Dave Ogden grew up with parents who were “language people.” They lived in Germany for several years, his father even translated intercepted Soviet Russian communication in the army. A roommate during his first year of college, who was majoring in Linguistics, helped him realize that there was a field of study dedicated to what he had always been subliminally interested in. A seed of interest that was likely planted by his parents.
Dave was intending to major in Neuroscience before his roommate piqued his interest with Linguistics course materials. The following year he took his first Linguistics class. The subject matter, coupled with spectacular people, sealed the deal.
When deciding which graduate program to attend, Dave visited U-M Linguistics to get a better feel for the department, “it seemed like the department was ready and willing to accept someone whose interests are as broad as mine. The department works to be broad, multi-disciplinary, and interactive. I also sensed a collegiality among the faculty and graduate students that made me feel very comfortable. There’s very little competitiveness here.”
Dave is drawn to the real-world implications, and the possibility of improving lives, that research on multilingualism and language acquisition can provide. Beyond that, he sees his specific research interests as very broad, “I’m interested in experimental and large-scale data research that is socially informed. In terms of traditional domains, I study acquisition and multilingualism, especially the acquisition of linguistic categories and speech perception.”
Professor Pam Beddor’s introductory phonetics course reminded Dave of his love of sound, his term paper for that course became his QRP. That focus on sound, and the importance of social implications of accents, brought Dave to his current avenue, “lots of people in the department work in bilingualism and think deeply about the social situation of language as a cognitive process, and that helped me when I was searching for something that would help and appeal to non-linguists.”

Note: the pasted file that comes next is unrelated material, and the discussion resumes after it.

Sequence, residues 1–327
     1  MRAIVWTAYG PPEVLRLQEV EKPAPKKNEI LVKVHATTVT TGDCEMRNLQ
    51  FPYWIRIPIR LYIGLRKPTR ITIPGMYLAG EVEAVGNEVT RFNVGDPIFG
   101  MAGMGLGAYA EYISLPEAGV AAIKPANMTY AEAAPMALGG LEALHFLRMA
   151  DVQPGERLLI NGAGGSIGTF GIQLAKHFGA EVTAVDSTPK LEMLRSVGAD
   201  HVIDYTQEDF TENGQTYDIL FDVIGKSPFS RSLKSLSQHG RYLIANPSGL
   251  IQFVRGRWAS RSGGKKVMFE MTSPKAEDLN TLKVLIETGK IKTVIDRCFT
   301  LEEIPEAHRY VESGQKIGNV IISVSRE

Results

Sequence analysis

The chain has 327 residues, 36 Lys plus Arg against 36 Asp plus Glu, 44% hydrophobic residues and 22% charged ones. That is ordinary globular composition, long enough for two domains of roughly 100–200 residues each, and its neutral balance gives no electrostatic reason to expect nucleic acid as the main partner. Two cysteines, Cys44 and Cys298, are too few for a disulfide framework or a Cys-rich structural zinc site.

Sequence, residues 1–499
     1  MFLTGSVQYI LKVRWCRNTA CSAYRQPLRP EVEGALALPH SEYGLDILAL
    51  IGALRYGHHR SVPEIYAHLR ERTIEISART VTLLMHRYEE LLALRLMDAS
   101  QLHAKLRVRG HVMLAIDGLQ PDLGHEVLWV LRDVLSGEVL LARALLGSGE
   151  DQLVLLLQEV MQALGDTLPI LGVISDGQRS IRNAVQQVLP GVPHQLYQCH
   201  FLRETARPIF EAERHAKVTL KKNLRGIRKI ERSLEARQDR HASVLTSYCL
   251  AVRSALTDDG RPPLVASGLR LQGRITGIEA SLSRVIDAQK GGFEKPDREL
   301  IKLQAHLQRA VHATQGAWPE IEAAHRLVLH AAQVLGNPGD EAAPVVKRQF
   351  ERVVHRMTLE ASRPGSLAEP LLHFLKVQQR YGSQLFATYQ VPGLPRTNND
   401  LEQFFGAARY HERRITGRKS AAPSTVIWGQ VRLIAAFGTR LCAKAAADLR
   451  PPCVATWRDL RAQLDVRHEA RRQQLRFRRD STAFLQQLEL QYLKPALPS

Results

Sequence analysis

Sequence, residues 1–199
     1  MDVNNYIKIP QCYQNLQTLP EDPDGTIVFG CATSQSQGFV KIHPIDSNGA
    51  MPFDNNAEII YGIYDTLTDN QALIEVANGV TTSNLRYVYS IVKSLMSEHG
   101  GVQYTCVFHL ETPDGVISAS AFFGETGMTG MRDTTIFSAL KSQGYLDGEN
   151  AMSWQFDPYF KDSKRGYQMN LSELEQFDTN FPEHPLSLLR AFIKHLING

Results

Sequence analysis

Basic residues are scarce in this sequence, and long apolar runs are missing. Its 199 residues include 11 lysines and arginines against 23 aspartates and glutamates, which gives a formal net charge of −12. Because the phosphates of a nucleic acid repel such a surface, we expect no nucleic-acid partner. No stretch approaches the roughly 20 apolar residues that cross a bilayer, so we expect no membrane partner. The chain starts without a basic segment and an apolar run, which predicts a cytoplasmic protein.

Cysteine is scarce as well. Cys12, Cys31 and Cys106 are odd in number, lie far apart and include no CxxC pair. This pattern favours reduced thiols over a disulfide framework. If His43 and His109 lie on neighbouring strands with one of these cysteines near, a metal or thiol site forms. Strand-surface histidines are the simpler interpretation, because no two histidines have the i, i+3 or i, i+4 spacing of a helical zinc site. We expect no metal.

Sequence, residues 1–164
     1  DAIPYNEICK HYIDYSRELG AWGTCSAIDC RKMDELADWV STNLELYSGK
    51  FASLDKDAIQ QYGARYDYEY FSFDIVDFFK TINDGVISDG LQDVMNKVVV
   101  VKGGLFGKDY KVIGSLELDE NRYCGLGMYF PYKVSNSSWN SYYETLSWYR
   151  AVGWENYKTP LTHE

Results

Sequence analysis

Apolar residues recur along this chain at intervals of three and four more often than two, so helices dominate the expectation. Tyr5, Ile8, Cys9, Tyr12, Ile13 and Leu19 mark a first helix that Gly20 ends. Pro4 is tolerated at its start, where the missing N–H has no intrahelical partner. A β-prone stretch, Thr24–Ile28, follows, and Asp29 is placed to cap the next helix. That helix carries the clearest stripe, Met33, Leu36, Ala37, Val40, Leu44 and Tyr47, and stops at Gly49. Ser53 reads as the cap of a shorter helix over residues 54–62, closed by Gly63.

Nick Ellis, Carmel O’Shannessy, and Pam Beddor have all advised and mentored Dave throughout his time at U-M. “Nick and I collaborated on a corpus research project analyzing the distributional and semantic characteristics of the verbs young children and parents use in verb-argument constructions. It was an excellent opportunity to get hands-on experience with data analysis and presenting at conferences. Carmel and Pam were my QRP readers, and I’ve worked with Carmel for two semesters now looking at the phonetics and phonology of Light Warlpiri, and how those compare to and interact with Light Warlpiri speakers’ English and Warlpiri phonology. It feels great to help document rare and fascinating languages and hopefully add to the community’s appreciation of their language. Pam is my dissertation committee chair, and has really encouraged me to find and pursue research that I care about. She’s been a phenomenal mentor and helped me through some really tough times. All three of them have given me a great deal of advice and direction navigating the PhD program. The hardest thing about a PhD, for me, is that I’m doing almost everything for the first time, and my advisors have understood that and helped me with their experience and perspective.”
U-M stands out because of the “extraordinarily caring and invested faculty. I have benefited from working and talking with many faculty members outside of classes and personal advising. At U-M, the department bureaucracy works extremely well. This comes from both the competence and commitment of the faculty and, from my perspective, their willingness to include students in the life of the department,” said Dave.
After U-M, Dave would ideally like to work in diversity training and development around issues of language in either industry or public sector. He’s also interested in companies that work in language teaching, translation, and data science. He has been the recipient of several fellowships and grants from the Rackham Graduate School and the Department of Linguistics.
Find out more about Dave and his research